CORPUS CHRISTI, Texas – What started as a humble poetry contest has blossomed into an event that uplifts marginalized voices thanks to the collaboration between the English Department at Texas A&M University-Corpus Christi and the Coastal Bend Wellness Foundation (CBWF). Islanders and the Coastal Bend community packed the CBWF, located on the south side of Corpus Christi, to celebrate the Switchgrass Review Fall Festival. The festival, held Dec. 1 on Worlds AIDS Day, debuted the fourth volume of “Switchgrass Review,” a national journal of women’s health, history and transformation. Participants enjoyed displays of literary prowess, delicious food and the chance to purchase books from local authors.
“It’s important that academia isn’t insular, but that we’re connected to the community,” said Dr. Robin Carstensen, Co-founder and Editor of “Switchgrass Review” and Assistant Professor of English at Texas A&M-Corpus Christi. “More and more writers are emerging from the community, and to create an environment that shares their work related to women is empowering for everyone.”
The event attracted writers from across the state, including the 2018 Texas Poet Laureate, Carol Coffee Reposa. Other performers included writers published in “Switchgrass Review,” community members, and A&M-Corpus Christi faculty, students and alumni. Local community activists and poets, like John Meza of Tacos Not Bombs, Sister Lou Ella Hickman, Abbey Wagner from the LGBTQ+ YNOT program, also shed light on the struggles of immigrants, sex-trafficking victims and LGBTQ+ people.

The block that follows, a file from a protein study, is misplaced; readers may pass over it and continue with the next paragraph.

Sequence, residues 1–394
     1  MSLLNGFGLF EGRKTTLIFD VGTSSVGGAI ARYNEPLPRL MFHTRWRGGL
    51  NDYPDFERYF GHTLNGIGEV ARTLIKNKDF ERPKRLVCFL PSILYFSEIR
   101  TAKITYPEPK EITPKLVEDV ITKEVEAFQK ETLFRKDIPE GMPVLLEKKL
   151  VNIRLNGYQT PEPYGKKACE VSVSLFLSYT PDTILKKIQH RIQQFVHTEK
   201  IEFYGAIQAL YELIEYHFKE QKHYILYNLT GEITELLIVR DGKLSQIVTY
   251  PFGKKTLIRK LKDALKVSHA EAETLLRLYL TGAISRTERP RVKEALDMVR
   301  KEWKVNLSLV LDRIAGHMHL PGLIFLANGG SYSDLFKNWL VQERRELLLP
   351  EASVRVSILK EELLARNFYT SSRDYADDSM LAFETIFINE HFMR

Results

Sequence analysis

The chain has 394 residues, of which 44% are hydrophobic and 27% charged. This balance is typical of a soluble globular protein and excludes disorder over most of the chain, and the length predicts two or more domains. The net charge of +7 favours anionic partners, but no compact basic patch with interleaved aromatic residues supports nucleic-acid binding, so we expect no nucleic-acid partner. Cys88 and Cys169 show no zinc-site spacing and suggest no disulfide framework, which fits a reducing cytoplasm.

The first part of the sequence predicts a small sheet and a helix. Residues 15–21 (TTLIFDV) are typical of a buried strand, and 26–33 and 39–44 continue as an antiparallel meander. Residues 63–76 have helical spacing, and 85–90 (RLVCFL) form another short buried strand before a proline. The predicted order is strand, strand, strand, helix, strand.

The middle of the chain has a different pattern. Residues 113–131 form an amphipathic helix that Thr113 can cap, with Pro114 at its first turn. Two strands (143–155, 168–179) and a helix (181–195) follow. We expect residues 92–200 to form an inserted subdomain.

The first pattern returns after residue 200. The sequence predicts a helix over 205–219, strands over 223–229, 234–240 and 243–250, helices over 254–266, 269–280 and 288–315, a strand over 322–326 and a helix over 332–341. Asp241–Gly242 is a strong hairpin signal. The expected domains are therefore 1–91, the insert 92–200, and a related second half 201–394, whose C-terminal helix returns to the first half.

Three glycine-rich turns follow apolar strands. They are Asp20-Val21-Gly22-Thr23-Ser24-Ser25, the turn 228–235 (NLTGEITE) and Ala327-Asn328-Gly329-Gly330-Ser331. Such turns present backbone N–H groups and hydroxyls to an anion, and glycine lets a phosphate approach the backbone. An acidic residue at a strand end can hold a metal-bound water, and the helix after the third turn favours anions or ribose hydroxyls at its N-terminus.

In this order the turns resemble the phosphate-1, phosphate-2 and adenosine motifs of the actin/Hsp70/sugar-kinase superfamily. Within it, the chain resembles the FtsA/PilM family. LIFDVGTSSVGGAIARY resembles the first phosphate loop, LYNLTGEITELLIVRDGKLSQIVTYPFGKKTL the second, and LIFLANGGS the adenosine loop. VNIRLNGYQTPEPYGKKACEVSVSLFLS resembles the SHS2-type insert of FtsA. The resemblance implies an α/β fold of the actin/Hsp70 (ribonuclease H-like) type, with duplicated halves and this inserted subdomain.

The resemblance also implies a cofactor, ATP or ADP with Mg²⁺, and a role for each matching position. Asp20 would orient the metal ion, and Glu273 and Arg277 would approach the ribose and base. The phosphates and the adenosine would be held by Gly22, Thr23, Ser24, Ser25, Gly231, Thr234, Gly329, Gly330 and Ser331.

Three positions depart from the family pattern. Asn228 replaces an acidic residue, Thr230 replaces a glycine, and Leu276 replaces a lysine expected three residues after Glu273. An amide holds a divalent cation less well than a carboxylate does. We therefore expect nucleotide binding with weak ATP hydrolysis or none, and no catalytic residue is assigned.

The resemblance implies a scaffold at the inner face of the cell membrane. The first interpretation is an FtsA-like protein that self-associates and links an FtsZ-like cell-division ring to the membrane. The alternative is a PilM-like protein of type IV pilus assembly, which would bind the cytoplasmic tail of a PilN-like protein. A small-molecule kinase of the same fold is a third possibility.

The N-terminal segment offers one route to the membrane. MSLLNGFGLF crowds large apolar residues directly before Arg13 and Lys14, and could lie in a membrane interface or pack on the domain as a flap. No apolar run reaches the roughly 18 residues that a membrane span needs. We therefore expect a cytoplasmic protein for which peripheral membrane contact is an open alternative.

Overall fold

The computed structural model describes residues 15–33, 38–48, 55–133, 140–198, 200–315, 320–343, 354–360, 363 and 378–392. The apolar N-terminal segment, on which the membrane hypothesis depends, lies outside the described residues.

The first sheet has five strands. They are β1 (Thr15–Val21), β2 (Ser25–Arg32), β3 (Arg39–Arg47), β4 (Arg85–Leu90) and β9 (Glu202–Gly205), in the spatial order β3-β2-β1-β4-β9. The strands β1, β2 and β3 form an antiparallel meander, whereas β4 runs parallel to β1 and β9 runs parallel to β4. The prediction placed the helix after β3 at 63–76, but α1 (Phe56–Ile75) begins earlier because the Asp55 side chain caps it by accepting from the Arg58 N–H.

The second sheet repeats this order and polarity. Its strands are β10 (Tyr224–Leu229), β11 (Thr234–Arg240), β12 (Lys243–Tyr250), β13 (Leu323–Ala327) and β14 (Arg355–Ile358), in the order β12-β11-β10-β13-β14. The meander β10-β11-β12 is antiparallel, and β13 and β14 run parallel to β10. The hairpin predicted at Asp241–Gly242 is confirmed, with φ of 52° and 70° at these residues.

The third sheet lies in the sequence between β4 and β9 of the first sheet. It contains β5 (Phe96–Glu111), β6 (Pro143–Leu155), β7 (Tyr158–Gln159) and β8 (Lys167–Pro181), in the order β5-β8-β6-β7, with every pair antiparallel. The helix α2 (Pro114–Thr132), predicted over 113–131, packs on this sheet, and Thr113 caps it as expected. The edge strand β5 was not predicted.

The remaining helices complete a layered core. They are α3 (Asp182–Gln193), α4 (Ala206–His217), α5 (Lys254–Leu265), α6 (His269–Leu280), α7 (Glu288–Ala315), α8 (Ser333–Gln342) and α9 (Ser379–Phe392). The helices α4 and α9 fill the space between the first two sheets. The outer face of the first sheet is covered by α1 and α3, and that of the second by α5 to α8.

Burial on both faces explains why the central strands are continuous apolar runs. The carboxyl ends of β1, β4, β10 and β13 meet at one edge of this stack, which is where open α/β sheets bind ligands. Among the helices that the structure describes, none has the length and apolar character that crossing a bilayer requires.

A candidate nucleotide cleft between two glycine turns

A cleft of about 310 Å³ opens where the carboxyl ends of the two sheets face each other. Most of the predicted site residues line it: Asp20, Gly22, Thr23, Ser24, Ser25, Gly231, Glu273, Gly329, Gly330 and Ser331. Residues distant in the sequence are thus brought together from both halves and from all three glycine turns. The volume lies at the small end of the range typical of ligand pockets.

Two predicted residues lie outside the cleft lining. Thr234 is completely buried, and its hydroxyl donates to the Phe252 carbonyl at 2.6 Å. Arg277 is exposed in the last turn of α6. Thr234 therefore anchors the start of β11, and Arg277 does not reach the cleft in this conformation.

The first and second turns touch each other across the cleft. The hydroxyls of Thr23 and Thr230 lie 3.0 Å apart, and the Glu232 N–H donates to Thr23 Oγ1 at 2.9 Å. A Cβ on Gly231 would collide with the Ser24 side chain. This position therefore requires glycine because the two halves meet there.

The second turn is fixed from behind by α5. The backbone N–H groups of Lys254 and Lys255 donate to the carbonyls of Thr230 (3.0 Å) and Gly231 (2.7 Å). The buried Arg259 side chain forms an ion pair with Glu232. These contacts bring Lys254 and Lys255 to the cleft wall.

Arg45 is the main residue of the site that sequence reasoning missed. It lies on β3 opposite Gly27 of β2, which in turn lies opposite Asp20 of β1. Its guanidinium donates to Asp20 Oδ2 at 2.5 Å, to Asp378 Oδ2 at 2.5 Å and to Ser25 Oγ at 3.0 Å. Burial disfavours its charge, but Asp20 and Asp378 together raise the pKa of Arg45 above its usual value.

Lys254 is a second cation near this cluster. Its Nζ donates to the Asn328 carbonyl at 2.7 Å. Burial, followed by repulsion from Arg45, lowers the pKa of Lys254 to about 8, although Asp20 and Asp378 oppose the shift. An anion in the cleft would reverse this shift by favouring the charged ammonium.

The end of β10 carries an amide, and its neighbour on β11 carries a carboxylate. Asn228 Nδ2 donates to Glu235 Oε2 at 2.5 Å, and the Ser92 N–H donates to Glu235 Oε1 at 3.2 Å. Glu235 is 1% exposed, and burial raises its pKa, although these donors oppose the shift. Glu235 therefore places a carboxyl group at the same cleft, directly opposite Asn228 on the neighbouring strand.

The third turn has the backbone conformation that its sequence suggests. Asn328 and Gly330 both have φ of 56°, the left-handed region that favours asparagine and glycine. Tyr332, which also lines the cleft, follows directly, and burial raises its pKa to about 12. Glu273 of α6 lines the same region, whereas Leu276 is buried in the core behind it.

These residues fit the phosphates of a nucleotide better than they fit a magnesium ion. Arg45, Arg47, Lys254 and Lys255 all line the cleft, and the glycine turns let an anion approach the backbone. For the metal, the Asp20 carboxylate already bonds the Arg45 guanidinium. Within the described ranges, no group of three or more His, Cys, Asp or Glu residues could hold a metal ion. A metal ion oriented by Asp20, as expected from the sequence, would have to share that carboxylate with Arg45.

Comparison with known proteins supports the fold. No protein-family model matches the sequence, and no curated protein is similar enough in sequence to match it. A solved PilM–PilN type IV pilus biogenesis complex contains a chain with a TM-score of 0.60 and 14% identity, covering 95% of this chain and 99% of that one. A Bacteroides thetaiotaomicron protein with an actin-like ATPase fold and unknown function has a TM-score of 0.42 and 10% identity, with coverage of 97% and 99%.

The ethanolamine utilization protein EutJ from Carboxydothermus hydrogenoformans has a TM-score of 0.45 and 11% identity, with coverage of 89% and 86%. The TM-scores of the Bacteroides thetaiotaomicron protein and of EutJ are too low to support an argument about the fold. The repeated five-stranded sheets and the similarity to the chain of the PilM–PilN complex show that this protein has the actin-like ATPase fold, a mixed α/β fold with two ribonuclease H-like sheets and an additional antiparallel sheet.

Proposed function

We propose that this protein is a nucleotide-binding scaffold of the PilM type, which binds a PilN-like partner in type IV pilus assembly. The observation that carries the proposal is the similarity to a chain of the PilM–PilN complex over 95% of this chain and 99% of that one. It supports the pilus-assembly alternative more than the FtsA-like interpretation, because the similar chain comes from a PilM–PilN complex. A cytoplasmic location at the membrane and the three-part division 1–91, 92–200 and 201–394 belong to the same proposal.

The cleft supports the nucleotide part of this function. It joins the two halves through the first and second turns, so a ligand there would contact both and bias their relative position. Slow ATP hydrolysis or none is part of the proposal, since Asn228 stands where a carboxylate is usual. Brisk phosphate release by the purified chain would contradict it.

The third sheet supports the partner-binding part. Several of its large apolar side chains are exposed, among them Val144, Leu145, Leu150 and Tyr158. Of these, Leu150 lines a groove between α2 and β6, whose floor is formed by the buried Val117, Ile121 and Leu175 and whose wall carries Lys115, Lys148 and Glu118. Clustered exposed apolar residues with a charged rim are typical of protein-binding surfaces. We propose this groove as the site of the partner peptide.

The Islander Creative Writers, A&M-Corpus Christi’s creative writing student organization who publish the “The Windward Review,” assisted the CBWF staff in putting together the event. Not only did students have the opportunity to share their stories, but they also got a sense of the growing creative writing community in Corpus Christi and beyond.
“The creative writing community is a loving and supportive group of people,” said Rebekah Bluestein, a graduating English senior and President of the Islander Creative Writers. “If anything, I hope the students felt like they’re now a part of that family.”
Bluestein was among the many Islanders sharing their stories and poems. She created and performed a collaborative poem with Xanthe Vinson, an English senior at A&M-Corpus Christi, about a humorously painful run-in with machismo.
“It’s always a little nerve-wracking sharing my work, but I also felt electrified,” said Bluestein. “I really enjoyed reading it, and I received a lot of positive feedback.”
The English Department at A&M-Corpus Christi helps fund a portion of the costs of printing “Switchgrass Review.” Dr. Mark Hartlaub, Dean of the College of Liberal Arts of A&M-Corpus Christi assisted in funding the keynote speaker. “Switchgrass Review” also provides an opportunity for talented students and alumni to gain real-world experience in copyediting, publishing and to have their work debuted. The
“Switchgrass Review” began four years ago when Bill Hoelscher, CEO of CBWF, worked with Carstensen to hold a poetry contest to gather strong voices and raise awareness of women and girls with HIV and the health disparity of women in the Coastal Bend. After the night’s successful turnout, Carstensen said she is inspired to include even more voices from the Coastal Bend community, especially youth from the LGBTQ YNOT program in the next volume of the “Switchgrass Review.”